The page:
• Using little filler and empty language

So on to the UMS! – The next thing that the article points out is that even though public speaking experts and professional speech givers say you should completely strike filler words from your speaking, almost everyone uses what are called “filled pauses.” It’s a super natural part of human speech and when you’re having a conversation with someone, as long as they aren’t super excessive, both the listener’s brain and the speaker’s brain filter them out pretty easily and you don’t really notice them.

It’s also pretty universal across cultures, though the words may change. We have a really good friend Mike, who has lived in Chile for the past several years and has since become fluent in Spanish. Instead of saying “Um” a lot, he says “Eh” and “Ehmmm.”

Now just because it’s natural to have these filled pauses, doesn’t mean we shouldn’t worry about them. Their appropriateness depends on the situation. i.e. your audience and your purpose. Research has found that how sensitive a listener is to these filler words depend on the speakers social role. People expect someone like the president that is giving prepared remarks to use hardly any of this filler. THIS is why I still DEFINITELY need to worry about them, because I’m the host of a Podcast. A broadcast that is almost nothing more than us talking to the listener.

So let’s delve into WHY we use these filler words. Honestly we don’t 100% know because they can mean a lot of things. Here are a few that were researched that the Art of Manliness article lays out and you can start to psychoanalyze me and tell me why you think I say them a lot:

  • They indicate that the speaker is in trouble: The speaker either consciously or subconsciously needs a moment to plan what he’s going to say next. “uh” signals a shorter delay, and “um” lets the listener know the delay might be a little longer. This happens when you’re trying to think and speak at the same time. (I think this probably happens to me a fair amount when I start to go “off script” and react to something one of the other host says about what I’ve just said)


  • Ums and Ahs act as placeholder to let people know you’re going to continue speaking. When you do need that moment, it lets everyone else know you’re not finished and are still in control. Researchers have theorized that this could explain why men use filler words more than women, because they are more worried about holding the floor as they speak. I think this one DEFINITELY happens while podcasting. Since we aren’t sitting around the table from each other, we don’t get ANY non-verbal cues on when someone else should hop in – and we also know that dead silence on air when broadcasting can be VERY distracting. So this one is probably a very legitimate use of Uhs and Ums in podcasting.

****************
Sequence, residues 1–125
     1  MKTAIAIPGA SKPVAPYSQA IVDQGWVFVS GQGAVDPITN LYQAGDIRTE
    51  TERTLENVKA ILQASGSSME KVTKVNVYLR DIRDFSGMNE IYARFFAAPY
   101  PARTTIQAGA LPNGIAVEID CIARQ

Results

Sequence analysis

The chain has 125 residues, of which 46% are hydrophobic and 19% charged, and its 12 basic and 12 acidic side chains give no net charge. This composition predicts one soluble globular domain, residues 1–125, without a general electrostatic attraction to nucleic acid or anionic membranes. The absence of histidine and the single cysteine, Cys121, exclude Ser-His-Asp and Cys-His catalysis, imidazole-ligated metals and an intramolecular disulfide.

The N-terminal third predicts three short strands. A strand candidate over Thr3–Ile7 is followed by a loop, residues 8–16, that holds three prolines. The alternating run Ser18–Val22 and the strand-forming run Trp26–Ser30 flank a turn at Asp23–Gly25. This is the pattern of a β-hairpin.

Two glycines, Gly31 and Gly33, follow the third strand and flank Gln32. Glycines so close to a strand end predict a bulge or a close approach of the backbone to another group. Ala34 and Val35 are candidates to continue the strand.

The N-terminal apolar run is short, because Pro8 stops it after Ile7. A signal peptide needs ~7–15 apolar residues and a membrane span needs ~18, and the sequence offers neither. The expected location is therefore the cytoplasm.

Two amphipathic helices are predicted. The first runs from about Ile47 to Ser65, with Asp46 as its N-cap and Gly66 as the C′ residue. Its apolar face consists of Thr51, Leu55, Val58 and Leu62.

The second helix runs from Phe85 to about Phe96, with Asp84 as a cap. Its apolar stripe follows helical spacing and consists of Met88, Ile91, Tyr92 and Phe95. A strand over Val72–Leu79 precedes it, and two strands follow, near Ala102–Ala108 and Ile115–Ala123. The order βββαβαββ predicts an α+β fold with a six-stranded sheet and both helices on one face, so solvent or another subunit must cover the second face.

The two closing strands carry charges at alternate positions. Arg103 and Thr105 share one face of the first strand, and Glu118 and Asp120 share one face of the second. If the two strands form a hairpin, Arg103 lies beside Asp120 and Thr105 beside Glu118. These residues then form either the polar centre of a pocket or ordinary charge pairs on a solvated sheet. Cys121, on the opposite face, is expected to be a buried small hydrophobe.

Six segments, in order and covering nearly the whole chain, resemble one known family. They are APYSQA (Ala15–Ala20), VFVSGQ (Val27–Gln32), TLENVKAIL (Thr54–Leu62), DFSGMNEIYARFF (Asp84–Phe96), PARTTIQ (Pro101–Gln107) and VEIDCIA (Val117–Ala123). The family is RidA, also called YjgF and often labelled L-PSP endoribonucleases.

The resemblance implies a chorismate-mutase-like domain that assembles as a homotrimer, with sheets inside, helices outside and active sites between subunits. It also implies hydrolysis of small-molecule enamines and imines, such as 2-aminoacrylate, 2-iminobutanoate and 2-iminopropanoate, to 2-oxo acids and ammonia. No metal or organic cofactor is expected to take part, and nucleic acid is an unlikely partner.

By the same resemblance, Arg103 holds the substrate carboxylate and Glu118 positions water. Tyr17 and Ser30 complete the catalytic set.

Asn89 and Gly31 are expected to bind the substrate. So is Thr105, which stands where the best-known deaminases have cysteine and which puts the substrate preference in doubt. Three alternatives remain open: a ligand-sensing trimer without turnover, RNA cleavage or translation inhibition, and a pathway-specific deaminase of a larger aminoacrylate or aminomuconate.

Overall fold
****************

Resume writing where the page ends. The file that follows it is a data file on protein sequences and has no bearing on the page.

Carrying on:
• They indicate we aren’t that confident about what we are going to say.


  • They indicate that you’re searching for the right word.


  • They are more common when speaking about an abstract topic. The research here was kind of cool and found that in the classroom, humanities professors say Uh way more than professors of the ‘hard sciences.’ 4.76 times per hundred words versus 1.47 times. On the podcast, this can come up from time to time, but I think we usually are talking about something pretty concrete.


So now we know WHY we use these filler words, so next step is how to stop them. Even though it might not be desirable to totally eliminate these fillers from your speech, at least in my case, I think it’s very distracting to the listeners for me to leave them in as I think I lose credibility with them.

  1. Limit distractions and focus on speaking – Anything that adds to your cognitive load when you’re trying to speak has the potential to pull you off track and make you use fillers while you’re thinking about other stuff. The practical takeaway for me on this one is that I’m going to try and not look at my computer screens during my pillars anymore. Perhaps even turning them off, or at least physically turning away from them. Then I can’t see the other host’s ugly mugs, see when Geo loses internet connection, or have to wake up my screen when the screensaver comes on.


  1. Don’t put your hands in your pockets – I thought this one was lame at first, even though there was a study that accompanied it, because I couldn’t think of any time when I shoved my hands in my pockets during a broadcast. But what I HAVE done, is just have them at my sides or on my mouse scrolling through my notes. And the study postulated that when our hands are in our pockets (or in my case, doing something else not related to speaking) since you can’t use your hands to gesture, you’re forced to use more fillers. I’m going to try and use my hands just as I would if I was standing at a podium while I’m doing my podcasting from now on.


  1. Prepare rigorously and concentrate on transitions. This is one that is probably pretty obvious but I’m actually not sure a great way to do this. Was looking to you guys on how you prepare for your pillars and how you podcast for some tips.


  1. Keep your sentences simple and short. I actually don’t think I do a really poor job of this one, because we do keep our pillars pretty natural. Even though I write the whole thing out, I don’t read it word for word, so the changes that I have a really long complex sentence are low.


Before I conclude, there was two more really cool tidbit from this article, and it has to do with what NOT to do as you try to eliminate fillers from your speech. Conventional wisdom on public speaking says that just a silent pause is always better than an Ah or Um. This was a really cool study (the only one I read – but all the ones alluded to in this article are available at artofmanliness.com) where they took a broadcaster that said um a lot and recorded a segment of his show. They played this version for students, as well as a version where the ums had been replaced by silence, as well as one where they totally edited the ums out and the words just flowed.